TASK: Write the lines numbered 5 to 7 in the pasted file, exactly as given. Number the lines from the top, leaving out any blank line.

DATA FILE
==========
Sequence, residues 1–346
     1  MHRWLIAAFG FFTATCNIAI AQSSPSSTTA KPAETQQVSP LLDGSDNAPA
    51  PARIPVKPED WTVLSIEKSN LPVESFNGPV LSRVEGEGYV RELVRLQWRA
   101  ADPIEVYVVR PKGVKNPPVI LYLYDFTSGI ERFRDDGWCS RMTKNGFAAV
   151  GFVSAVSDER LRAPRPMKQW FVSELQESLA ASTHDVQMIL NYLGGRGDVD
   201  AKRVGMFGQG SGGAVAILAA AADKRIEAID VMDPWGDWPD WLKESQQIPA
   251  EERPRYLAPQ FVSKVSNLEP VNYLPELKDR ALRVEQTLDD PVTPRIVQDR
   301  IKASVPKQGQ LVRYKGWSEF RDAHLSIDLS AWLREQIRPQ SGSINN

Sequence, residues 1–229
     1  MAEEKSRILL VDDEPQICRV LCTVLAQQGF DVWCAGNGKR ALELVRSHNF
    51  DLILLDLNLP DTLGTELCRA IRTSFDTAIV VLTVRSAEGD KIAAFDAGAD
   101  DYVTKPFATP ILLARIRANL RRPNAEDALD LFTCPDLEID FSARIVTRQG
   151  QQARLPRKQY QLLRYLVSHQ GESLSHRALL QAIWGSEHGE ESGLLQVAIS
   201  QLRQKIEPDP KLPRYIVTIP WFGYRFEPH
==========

   151  GFVSAVSDER LRAPRPMKQW FVSELQESLA ASTHDVQMIL NYLGGRGDVD
   201  AKRVGMFGQG SGGAVAILAA AADKRIEAID VMDPWGDWPD WLKESQQIPA
   251  EERPRYLAPQ FVSKVSNLEP VNYLPELKDR ALRVEQTLDD PVTPRIVQDR